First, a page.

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Nausea by Jean-Paul Sartre

Nausea (1938)

by Jean-Paul Sartre

Other authors: See the other authors section.

MembersReviewsPopularityAverage ratingMentions
8,04761707 (3.77)157
Nausea is the story of Antoine Roquentin, a French writer who is horrified at his own existence. In impressionistic, diary form he ruthlessly catalogs his every feeling and sensation. His thoughts culminate in a pervasive, overpowering feeling of nausea which "spreads at the bottom of the viscous puddle, at the bottom of our time -- the time of purple suspenders and broken chair seats; it is made of wide, soft instants, spreading at the edge, like an oil stain."Winner of the 1964 Nobel Prize in Literature (though he declined to accept it), Jean-Paul Sartre -- philosopher, critic, novelist, and dramatist -- holds a position of singular eminence in the world of French letters. La Nausee, his first and best novel, is a landmark in Existential fiction and a key work of the twentieth century.… (more)
  1. 40
    Notes from Underground by Fyodor Dostoevsky (trillkhidr)
    trillkhidr: Perhaps an obvious connection, but one that I nevertheless could not fail to return to again and again throughout my reading of Nausea. Is Antoine a man underground?
  2. 30
    The Stranger by Albert Camus (roby72)
  3. 20
    The Words by Jean-Paul Sartre (John_Vaughan, John_Vaughan)
  4. 10
    The Doors of Perception by Aldous Huxley (kaityjames)
    kaityjames: Huxley views art as a pale imitation of objects as they ARE; Sartre finds existence disgusting and obscene, and art as a beautiful form above and beyond reality. Definitely compatible if you can dig Sartre's dark, existential language.
  5. 10
    Homo Faber by Max Frisch (thecoroner)
  6. 10
    The Notebooks of Malte Laurids Brigge by Rainer Maria Rilke (roby72)
  7. 10
    The Moviegoer by Walker Percy (erezv)
  8. 00
    The Time of Indifference by Alberto Moravia (JuliaMaria)
  9. 00
    Les Mains Sales de Jean-Paul Sartre by Marc Buffat (John_Vaughan)
  10. 00
    Journey to the End of the Night by Louis-Ferdinand Céline (thecoroner)
  11. 00
    The Passion According to G.H. by Clarice Lispector (Mouseear)
  12. 00
    The Remains of the Day by Kazuo Ishiguro (SamuelW)
    SamuelW: Although The Remains of the Day has none of Nausea's philosophical depth, there are close similarities in theme, plot and technique which make the two books a remarkable pair.
  13. 01
    Dead Certainties : Unwarranted Speculations by Simon Schama (Sea92)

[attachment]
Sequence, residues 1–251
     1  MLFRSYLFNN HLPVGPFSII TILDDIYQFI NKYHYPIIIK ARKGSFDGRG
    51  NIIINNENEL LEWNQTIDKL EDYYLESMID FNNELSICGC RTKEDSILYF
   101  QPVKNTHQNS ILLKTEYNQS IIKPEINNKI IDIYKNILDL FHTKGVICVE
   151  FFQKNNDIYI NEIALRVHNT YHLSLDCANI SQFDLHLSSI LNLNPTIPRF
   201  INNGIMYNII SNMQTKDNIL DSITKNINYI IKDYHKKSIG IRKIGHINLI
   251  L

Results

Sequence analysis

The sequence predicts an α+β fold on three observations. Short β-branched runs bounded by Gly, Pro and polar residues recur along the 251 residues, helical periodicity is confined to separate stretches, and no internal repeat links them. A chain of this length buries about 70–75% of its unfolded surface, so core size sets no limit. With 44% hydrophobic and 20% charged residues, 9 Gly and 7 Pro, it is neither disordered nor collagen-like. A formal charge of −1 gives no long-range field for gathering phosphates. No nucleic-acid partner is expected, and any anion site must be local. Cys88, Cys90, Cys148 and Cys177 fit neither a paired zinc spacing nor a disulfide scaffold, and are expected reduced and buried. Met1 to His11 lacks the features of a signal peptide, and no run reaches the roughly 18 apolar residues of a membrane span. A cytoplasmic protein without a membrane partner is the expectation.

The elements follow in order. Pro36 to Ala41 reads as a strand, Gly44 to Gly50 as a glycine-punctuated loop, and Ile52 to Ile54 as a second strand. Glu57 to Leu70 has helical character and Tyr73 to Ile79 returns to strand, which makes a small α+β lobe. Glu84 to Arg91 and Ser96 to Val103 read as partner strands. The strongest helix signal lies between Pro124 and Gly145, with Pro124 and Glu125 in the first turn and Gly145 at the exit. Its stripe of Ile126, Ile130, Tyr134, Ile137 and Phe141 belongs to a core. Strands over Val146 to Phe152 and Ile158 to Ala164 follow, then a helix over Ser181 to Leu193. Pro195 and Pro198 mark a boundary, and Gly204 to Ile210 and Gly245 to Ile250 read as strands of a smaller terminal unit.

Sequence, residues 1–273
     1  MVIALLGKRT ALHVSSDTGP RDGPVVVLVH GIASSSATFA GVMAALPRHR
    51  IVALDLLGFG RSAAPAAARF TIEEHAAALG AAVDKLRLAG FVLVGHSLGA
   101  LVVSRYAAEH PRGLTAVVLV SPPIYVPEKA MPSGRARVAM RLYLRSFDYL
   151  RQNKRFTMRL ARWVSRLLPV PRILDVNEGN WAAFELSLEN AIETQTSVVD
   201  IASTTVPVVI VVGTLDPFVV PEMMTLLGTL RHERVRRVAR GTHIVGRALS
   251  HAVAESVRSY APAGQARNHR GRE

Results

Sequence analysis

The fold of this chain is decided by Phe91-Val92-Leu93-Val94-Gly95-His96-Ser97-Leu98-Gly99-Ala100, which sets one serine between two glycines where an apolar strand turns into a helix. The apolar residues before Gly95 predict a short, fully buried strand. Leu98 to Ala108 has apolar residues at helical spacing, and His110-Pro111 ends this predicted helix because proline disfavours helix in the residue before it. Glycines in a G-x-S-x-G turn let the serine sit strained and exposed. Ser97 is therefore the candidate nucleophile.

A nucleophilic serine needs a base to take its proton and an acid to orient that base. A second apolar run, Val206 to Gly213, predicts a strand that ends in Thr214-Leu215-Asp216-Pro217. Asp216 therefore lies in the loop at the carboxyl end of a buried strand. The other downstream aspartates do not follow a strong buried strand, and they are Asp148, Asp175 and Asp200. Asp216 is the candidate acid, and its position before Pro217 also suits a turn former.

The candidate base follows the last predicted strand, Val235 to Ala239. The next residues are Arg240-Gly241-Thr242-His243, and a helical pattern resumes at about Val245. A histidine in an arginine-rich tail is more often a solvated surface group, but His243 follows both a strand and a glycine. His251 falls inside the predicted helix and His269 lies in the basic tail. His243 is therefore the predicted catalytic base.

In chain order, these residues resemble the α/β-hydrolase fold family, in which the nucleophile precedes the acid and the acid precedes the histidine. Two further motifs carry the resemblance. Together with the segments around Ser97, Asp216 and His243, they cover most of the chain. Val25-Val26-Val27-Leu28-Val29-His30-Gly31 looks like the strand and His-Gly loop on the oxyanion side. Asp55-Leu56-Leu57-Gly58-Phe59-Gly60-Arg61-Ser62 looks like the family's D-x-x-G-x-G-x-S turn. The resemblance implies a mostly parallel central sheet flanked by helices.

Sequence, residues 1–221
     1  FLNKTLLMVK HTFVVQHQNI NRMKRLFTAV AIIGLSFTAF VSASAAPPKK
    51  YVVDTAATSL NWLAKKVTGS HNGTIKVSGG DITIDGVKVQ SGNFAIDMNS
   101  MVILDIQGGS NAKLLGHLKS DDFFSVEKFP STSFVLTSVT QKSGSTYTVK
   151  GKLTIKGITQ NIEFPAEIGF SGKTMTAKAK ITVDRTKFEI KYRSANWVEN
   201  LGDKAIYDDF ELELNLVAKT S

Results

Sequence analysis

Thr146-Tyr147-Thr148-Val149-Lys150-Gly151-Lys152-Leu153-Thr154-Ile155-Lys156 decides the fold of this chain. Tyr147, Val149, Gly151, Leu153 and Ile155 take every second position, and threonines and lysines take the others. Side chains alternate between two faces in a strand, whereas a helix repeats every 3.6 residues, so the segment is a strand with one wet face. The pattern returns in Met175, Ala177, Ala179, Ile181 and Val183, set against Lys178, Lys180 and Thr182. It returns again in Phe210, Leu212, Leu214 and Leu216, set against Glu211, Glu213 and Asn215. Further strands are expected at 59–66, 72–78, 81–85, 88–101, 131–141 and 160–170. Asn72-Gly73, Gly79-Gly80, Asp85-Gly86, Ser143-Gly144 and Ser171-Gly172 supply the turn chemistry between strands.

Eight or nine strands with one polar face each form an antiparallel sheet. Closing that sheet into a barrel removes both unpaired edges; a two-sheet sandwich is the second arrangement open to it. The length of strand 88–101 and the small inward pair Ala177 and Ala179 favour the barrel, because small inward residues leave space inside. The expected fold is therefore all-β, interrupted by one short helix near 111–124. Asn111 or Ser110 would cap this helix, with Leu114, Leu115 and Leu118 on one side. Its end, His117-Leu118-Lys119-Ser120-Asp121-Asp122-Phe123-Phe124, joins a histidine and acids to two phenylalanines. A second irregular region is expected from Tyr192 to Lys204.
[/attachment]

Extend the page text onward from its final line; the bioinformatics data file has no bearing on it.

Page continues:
Sea92: Nausea is more of a philosophical work, but both authors explore chasm between the reality of the past and history as it is written. These are issues that historians must deal with.

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» See also 157 mentions

English (44)  Italian (4)  Swedish (3)  Spanish (3)  Portuguese (Brazil) (2)  Dutch (1)  German (1)  All (1)  Finnish (1)  French (1)  All languages (61)
Showing 1-5 of 44 (next | show all)
"It's quite an undertaking to start loving somebody. You have to have energy, generosity, blindness. There is even a moment right at the start where you have to jump across an abyss: if you think about it you don't do it."

First published in 1938 Nausea is Jean-Paul Sartre’s first novel and is an exploration of his early thoughts on existentialism through the existence of one man Antoine Roquentin. Roquentin is shortly to turn thirty and is writing a biography of the Marquis de Rollebon in the fictional French town of Bouville.

The novel is written as Roquentin’s diary and it soon becomes apparent that Roquentin leads an empty existence, spending his days in the local library doing research for a book that he will never write, and his evenings in cafes and restaurants with other equally lonely individuals. Roquentin has an allowance which means that he doesn't need to work but according to Sartre’s form of existentialism this freedom is a heavy burden. Roquentin is aware of his freedom but unsure what to do with it and is overwhelmed by the possibilities. Roquentin starts the diary so as to be able to understand and document the 'nausea' (listlessness) that he feels in his life. This process of self-reflection seems initially self-defeating even overwhelming but eventually provides him with the knowledge that he seeks until ultimately, the diary proves a record of his rebirth as a novelist. Sartre paints the picture of a rather sad world in which loneliness pervades, not only Roquentin’s but also those around him. Roquentin learns that he cannot rely on anyone else for his happiness.

The novel can be read in a whole number of ways. No doubt some will see it as the idle rich having too much time on their hands to do anything other than lounge about feeling sorry for themselves, however, most readers will simply see this as an introduction to Sartre's philosophy on existentialism. Roquentin tries to refute the existence of anything but the present but when he meets an old flame, Anny, in Paris, he realises that any apparent disconnect between past and present is only ever illusory. Which is a message to us all.